Senate OKs bill to limit abortion

Ban targets what critics call `partial birth abortion'

Rights advocates vow lawsuits

Already passed by House, bill awaits Bush signature

October 22, 2003|By Julie Hirschfeld Davis | Julie Hirschfeld Davis,SUN NATIONAL STAFF

WASHINGTON - Congress gave final approval yesterday to a ban on a procedure critics call "partial birth abortion," delivering to President Bush a cornerstone of his conservative agenda and imposing the first federal curb on an abortion method since the Supreme Court's 1973 Roe vs. Wade decision.

The Senate's passage of the ban, after the House's approval this month, sends the bill on to Bush, who said he was looking forward to signing it. "This is very important legislation that will end an abhorrent practice and continue to build a culture of life in America," the president said in a statement.

But the measure will face a hazy future in the courts. Abortion rights and civil liberties groups plan challenges that could spark another Supreme Court review of abortion. The bill resembles a Nebraska law the court struck down in 2000 on the ground that - like the measure Congress just passed - it made no exception to protect a mother's life and health.

Final passage yesterday, on a Senate vote of 64-34, was nevertheless a victory for abortion foes, who have tried for eight years to outlaw the procedure. Over the years, the issue set off divisive and emotionally heated debates among lawmakers. Twice before, the bill had cleared Congress. Both times, it was vetoed by President Bill Clinton.

"The legislation that we just passed will save lives - not just several, but hundreds and potentially thousands of lives," Senate Majority Leader Bill Frist, a Tennessee Republican who is a physician, said after the vote. "It outlaws a procedure that is barbaric, that is brutal, that is offensive to our moral sensibilities, and it is outside the ethical practice of medicine."

Some abortion opponents cheered the Senate action as an opening for the nation to reassess the fundamental right to abortion, which the court established in its Roe vs. Wade decision.

"In 2000, five Supreme Court justices said that Roe vs. Wade guaranteed the right of abortionists to perform partial-birth abortions whenever they see fit - but Congress is now inviting the Supreme Court to re-examine that extreme and inhumane decision," said Douglas Johnson, executive director of the National Right to Life Committee.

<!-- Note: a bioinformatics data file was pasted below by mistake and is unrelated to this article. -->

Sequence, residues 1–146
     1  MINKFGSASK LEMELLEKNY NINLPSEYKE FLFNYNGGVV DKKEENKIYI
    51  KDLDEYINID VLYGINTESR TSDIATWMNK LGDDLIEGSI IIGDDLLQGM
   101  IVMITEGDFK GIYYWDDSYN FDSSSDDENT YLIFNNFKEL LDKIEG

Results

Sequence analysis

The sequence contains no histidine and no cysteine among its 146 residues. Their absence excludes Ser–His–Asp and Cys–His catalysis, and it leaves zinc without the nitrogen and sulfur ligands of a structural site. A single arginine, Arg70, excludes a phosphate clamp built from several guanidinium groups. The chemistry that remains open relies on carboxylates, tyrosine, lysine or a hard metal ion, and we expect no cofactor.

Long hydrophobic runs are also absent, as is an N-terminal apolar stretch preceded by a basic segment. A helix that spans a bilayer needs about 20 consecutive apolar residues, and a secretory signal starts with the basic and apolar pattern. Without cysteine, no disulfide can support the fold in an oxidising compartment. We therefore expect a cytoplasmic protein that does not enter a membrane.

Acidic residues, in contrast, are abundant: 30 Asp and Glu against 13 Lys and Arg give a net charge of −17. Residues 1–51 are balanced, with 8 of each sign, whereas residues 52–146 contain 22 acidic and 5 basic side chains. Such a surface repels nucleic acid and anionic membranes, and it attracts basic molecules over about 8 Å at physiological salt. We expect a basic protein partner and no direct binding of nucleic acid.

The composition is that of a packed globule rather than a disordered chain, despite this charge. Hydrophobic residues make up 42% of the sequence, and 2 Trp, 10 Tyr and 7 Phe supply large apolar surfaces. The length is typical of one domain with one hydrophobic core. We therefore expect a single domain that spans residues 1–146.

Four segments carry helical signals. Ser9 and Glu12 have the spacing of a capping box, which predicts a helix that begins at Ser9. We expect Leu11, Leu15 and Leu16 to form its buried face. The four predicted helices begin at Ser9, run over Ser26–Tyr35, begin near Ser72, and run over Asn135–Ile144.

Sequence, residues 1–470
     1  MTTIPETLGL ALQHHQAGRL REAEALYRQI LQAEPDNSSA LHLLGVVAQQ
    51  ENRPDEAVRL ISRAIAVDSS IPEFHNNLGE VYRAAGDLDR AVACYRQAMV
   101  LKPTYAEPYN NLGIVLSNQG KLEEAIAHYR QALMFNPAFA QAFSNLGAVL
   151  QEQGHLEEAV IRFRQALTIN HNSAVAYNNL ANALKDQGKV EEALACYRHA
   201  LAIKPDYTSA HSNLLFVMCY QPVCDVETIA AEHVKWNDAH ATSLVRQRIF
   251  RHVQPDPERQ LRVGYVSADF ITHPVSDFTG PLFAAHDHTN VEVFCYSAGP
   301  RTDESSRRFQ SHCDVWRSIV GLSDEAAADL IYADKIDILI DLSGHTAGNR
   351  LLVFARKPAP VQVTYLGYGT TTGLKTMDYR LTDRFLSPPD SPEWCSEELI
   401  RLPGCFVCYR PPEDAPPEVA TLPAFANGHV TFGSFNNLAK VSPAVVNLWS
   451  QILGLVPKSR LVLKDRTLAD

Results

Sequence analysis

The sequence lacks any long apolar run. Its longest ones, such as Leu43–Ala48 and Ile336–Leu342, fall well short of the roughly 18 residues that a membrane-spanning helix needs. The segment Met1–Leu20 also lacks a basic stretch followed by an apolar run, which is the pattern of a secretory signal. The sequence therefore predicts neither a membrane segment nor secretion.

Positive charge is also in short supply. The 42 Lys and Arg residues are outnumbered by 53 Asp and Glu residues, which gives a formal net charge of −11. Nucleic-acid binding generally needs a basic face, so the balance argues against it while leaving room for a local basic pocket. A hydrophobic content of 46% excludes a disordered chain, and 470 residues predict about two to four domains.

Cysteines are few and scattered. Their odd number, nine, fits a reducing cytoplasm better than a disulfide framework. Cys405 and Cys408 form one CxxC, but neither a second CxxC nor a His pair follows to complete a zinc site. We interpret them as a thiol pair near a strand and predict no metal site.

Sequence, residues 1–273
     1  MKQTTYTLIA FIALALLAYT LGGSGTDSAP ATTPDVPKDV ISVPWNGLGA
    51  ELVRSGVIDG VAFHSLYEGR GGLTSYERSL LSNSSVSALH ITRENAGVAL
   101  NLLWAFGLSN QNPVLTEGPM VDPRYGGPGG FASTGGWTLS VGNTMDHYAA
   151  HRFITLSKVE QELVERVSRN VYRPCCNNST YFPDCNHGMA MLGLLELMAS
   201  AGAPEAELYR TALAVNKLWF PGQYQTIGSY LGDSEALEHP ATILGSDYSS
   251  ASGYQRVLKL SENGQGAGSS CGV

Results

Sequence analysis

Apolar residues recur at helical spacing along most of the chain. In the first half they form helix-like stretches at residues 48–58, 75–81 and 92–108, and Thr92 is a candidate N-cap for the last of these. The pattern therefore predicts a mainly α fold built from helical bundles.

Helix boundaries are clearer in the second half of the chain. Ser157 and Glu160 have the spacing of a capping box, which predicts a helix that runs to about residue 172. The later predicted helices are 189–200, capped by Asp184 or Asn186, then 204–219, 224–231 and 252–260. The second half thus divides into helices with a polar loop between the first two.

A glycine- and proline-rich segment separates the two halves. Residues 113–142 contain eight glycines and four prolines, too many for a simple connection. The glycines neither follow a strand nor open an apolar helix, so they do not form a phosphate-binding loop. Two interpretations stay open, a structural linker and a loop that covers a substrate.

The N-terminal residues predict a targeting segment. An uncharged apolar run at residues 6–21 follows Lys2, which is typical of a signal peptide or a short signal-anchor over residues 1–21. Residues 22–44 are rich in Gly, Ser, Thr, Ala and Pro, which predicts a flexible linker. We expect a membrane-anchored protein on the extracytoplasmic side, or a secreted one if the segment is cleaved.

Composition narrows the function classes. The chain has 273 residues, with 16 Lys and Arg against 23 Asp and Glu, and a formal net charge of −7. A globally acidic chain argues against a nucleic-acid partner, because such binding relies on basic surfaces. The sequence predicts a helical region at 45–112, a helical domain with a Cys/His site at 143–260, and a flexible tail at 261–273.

On the other side, abortion rights supporters argued that final passage of the measure represented an assault on the landmark abortion rights ruling and on the right of women to make decisions about their own pregnancies.

"No one should be fooled as to the real intentions of this bill's sponsors: They want to take away entirely the right to personal privacy and a woman's right to choose," said Kate Michelman, president of NARAL Pro-Choice America.

The opponents are likely to seek a federal injunction blocking implementation of the ban. Courts often grant such requests when Constitutional questions are at issue.

Proponents say the measure is intended to criminalize one specific method, known to physicians as "dilation and extraction," or "D and X." In that procedure, a fetus is partially delivered, its skull is suctioned and its body removed. It is generally used to end certain second- and third-trimester pregnancies.

"This is a very, very important day for this country and for those babies who would be the object of this brutal procedure," said Sen. Rick Santorum, a Pennsylvania Republican who is leading the effort to enact the ban.

Critics, however, warned that the ban is worded vaguely enough to outlaw not just the "D and X" procedure but also other types of abortion that are widely accepted. Some accused the bill's champions of singling out a particularly grisly procedure to try to spread doubts about abortion in general. They said the ban could make some doctors less willing to use any safe and legal method to end pregnancies.

"This is the first bill since Roe vs. Wade in 1973 that outlaws safe medical procedures and recriminalizes abortion," said Sen. Dianne Feinstein, a California Democrat. "It is a major step forward in the march to obliterate a woman's right to control her own reproductive system."

The measure was drafted with the Supreme Court in mind, and it will likely inform future rulings by the court. The bill's authors included 14 pages of congressional assertions - known as "findings" - declaring that "partial-birth abortion" is dangerous and medically unnecessary.

The findings are an effort to directly answer one of the Supreme Court's conclusions in its 2000 ruling against the similar Nebraska law, which provided no exception for the mother's health. The federal bill states that the court erred in accepting the notion that dilation and extraction can, in some cases, be the only procedure to preserve a woman's health or save her life.

"This procedure is never - and I underscore that, never - necessary to protect the health of the mother," Santorum said.

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